The 2017 Toyota GT86 features a track mode

The 2017 Toyota GT86 features a track mode

It’s arguably the best-handling car this side of £30,000 (emphasis on ‘arguably’, MX-5 fans) – but Toyota is giving its GT86 a revamp for 2017, with changes focussed on improving its already excellent chassis rather than cosmetics.

The electronic control systems have been tweaked, resulting in a selectable ‘track’ mode which allows the GT86’s stability and traction control systems to be turned off fully – great news for wannabe drifters.

“The biggest point I wanted to improve was the car’s responsiveness – on and off acceleration, turning in and turning out, and the speed and naturalness of its reactions,” explained chief designer Tetsuya Tada.

“This has partly come from modifying the dampers and springs, but the biggest point of influence has been in aerodynamics and the way this affects the suspension.”

Additional spot welds have been introduced to the rear to make the car stiffer, while the Showa dampers have been revised for a better combination of handling and comfort.

It’s also got a smaller 362mm diameter three-spoke steering wheel, allowing drivers to wind on lock quicker than you can say ‘dab of oppo’. A fancy new 4.2-inch TFT screen located in the carbonfibre-wrapped instrument binnacle tells you crucial G-force data alongside more mundane info such as how many MPGs you’re getting.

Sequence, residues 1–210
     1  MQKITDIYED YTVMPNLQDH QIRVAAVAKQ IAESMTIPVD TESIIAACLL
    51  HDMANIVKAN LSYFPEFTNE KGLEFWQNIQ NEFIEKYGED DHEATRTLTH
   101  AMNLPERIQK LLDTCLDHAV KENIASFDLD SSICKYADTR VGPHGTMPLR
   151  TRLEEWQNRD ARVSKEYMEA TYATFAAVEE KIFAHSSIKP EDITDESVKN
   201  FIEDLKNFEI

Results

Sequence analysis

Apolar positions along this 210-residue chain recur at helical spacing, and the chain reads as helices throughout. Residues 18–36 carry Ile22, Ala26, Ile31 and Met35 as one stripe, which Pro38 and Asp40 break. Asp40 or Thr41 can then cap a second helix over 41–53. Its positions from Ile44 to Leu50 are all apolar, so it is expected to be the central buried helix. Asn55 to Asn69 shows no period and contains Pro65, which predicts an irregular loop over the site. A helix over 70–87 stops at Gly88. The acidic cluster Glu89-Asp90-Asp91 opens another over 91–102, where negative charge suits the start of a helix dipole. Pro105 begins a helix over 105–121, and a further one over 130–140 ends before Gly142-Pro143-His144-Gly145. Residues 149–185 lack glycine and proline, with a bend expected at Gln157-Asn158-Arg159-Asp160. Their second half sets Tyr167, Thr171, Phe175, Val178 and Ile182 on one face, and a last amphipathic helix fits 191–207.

The 2017 Toyota GT86 features a track mode

Although cosmetically little has changed, a few minor adjustments have been made to improve the car’s performance. The GT86’s nose section has been revised, with new ‘teeth’ along the bottom edge of the lower grille introduced to aid airflow.

The GT86’s front and rear lights have also been revised with LEDs used for high and low beam. The indicators have been relocated from the front bumper to within the lights themselves.

There’s some new 17-inch alloys, too – ‘slim’, helping out the performance/grip ratio, and you can still buy one with an automatic gearbox if you really want.

The range has been revised so buyers only get a choice of two versions. There’s the entry-level £25,945 GT86, with cruise control, DAB radio and the like – while the £27,095 GT86 Pro comes with heated front seats, leather and Alcantara upholstery, a leather driver’s armrest and a suede-effect finish for the dashboard and door trims. It also gains a matt grey rear spoiler.

Little else has changed – the 2.0-litre ‘boxer’ engine still produces 200hp, meaning it still won’t win any Top Trumps competitions, taking 7.6 seconds to hit 62mph.

Web editor at Drives a 1983 Austin Metro. Tweet me @MR_AndrewBrady.

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